Here's a box of McDonald's Chicken McNuggets. "They are so beautiful with their breading," Mr. Stuelke said. "The box design is truly elegant as well."

Read the Well article here.

See the slideshow here.

And see the entire collection here at

Tuesday, March 24, 2009

Road to Recovery

Everyone's feeling a bit better around here these days. Not sure if the bugs ran their course, if the doc's Rx worked, or if all we needed was a little sun and fresh air. We got plenty of the latter this past weekend. Loaded up the all-terrain BOB stroller and went for a hike, had a picnic lunch outside, and took the Z Monster to my favorite store slash playground, the big REI in downtown Denver.

As we've mentioned before, Z Man is a climber. And he's become quite scientific about it. He sees every chair, ottoman, bench, or step as his own personal mini-Everest, awaiting his conquest. Most kid's first words are along the lines of dad, ball, mom, juice, or the like, but I'm pretty sure that Z's first sentence, upon getting to the top of a bookcase, will be a proud and defiant "Because it was there."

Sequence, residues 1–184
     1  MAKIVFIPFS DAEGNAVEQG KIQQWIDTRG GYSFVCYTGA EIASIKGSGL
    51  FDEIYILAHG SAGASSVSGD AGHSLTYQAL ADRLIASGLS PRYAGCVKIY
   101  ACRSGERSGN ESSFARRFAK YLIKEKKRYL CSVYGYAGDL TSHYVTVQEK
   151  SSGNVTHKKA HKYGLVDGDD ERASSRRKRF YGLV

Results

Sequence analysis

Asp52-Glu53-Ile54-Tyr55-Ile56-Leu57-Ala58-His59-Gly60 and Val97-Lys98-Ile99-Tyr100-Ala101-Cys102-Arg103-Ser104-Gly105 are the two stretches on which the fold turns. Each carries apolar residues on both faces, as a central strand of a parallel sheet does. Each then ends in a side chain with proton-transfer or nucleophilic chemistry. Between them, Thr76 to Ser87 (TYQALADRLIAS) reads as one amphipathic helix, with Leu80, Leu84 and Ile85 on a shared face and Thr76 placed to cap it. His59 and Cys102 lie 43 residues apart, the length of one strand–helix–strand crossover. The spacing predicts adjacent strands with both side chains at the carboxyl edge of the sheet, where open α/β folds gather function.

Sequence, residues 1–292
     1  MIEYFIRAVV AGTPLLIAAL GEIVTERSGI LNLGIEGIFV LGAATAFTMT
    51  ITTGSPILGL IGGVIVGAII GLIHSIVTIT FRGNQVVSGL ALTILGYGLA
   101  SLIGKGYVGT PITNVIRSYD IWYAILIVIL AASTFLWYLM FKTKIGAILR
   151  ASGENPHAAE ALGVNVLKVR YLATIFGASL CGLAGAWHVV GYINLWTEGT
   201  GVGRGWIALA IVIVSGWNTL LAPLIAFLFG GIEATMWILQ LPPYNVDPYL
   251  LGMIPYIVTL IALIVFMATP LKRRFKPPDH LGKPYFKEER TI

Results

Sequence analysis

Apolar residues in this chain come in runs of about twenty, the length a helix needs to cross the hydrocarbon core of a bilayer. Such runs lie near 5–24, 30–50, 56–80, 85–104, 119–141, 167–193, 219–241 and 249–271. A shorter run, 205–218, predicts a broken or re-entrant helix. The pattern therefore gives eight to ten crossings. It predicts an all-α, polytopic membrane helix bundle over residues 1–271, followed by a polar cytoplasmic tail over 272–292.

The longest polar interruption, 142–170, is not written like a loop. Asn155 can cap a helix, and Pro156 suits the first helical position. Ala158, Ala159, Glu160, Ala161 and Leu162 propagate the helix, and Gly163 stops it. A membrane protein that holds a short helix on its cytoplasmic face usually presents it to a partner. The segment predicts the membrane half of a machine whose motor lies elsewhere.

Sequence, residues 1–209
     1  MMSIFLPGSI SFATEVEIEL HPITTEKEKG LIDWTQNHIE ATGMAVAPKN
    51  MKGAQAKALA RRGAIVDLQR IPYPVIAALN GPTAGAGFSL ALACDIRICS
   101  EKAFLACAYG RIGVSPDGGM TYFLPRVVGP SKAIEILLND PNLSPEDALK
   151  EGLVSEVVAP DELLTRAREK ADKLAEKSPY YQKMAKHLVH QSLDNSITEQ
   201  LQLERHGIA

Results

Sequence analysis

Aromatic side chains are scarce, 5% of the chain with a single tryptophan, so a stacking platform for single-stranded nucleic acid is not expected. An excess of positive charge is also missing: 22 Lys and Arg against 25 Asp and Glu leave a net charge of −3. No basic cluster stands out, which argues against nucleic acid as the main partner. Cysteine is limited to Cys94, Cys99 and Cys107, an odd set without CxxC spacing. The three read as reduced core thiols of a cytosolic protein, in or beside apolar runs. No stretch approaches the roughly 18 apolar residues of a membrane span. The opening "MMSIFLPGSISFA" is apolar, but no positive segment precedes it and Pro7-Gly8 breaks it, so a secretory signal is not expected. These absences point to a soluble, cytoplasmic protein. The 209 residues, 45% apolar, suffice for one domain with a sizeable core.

The funny thing is watching him think about his next move, like an alpinist laying out the pitches that it will take to reach a summit. He plays with hand-holds, foot-holds, leverage, and friction, testing out a hold by applying a little bit more weight on it before he goes for it. And then sometimes, when he can't figure out a move, he just grabs as high as he can and pulls, grunts, strains with all his might to get up.